What have the biblical custodians of the Lord’s words, the Lord's churches, received and what did they reject over the past 2,000 years since the Lord’s earthly ministry? In short, it is without question that the readings that make up the TR are the words that the Lord's churches have received, preached, published, and read for nearly two millennia. Isn’t it very telling that the Greek Text underlying the KJV NT is called the Received Text? The phrase, Textus Receptus comes from the Latin “textum ergo habes, nunc ab omnibus receptus” (or “therefore you have a text now received by all”). Although the aforementioned phrase was coined in AD 1633, its theology didn’t originate in AD1633, but with Jesus Christ in Jn. 17:8; et al! Additionally, the TR is known as: the Ecclesiastical text (church text) and the Byzantine text (the region closely related to many NT churches mentioned in the book of Acts)! Would not one expect such after reading the NT’s command for churches to “hold fast” to God’s words? We think so!

    In stark contrast to the TR stands the CT. The CT is primarily made up of two texts known as Aleph or Sinaiticus (because it was discovered at the Monastery of St. Catherine on Mt. Sinai in 1859) and B or Vaticanus (because it was kept at the Vatican library at Rome). These two locations are hardly the citadel of orthodoxy, and certainly not the Lord’s churches. In addition, they were not available to the Lord’s churches for centuries. Some MV use an Eclectic text (a blending of several text types). However, the conclusion is this: The underlying texts of the numerous modern English versions that are post-KJV are translated from a DIFFERENT underlying text than that of the KJV. Things that are different are not the same! Therefore, it is not a matter of the MV simply updating the words to modern English! This is a grave and serious error if one believes that MV only modernize the English of the KJV! Two different textual bases are in view!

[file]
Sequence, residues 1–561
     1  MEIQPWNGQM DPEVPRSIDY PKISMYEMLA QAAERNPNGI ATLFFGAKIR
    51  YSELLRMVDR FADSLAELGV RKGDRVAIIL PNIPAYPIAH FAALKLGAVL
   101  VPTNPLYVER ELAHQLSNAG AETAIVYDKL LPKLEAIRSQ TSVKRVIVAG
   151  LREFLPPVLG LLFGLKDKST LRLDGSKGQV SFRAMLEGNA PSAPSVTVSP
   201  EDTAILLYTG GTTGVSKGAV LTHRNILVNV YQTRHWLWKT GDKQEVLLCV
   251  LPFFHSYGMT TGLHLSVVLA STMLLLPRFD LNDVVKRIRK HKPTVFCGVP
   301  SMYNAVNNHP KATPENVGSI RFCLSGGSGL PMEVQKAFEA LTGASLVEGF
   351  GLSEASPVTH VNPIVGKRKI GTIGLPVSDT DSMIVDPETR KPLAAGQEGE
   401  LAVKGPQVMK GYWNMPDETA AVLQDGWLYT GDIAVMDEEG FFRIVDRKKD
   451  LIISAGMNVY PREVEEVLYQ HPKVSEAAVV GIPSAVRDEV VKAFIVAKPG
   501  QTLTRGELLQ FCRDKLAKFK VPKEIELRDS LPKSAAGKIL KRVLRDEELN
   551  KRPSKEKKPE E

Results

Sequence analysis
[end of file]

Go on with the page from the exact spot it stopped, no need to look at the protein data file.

The NT makes clear the necessity for translations (cf. Matt. 28:19,20; Rom. 16:25,26; et al.) of God’s preserved words. We certainly believe that faithful translations, using the principles of formal equivalency (word-for-word translation), can be made from these preserved, received texts into receptor languages of all nations, and that such is the testimony of the KJV into English.

    Conclusion

    We recognize that there are a series of English translations that were translated faithfully from the Received Text (ie: Tyndale, Geneva, etc.), but the English translation that God has used and blessed in a unique way over the past four centuries in His English speaking churches is the KJV. It has no equal among modern English translations! It has been and will continue to be the Bible of English speaking, independent, Baptist churches! Therefore, BBC with great conviction uses only the KJV in all of its ministries!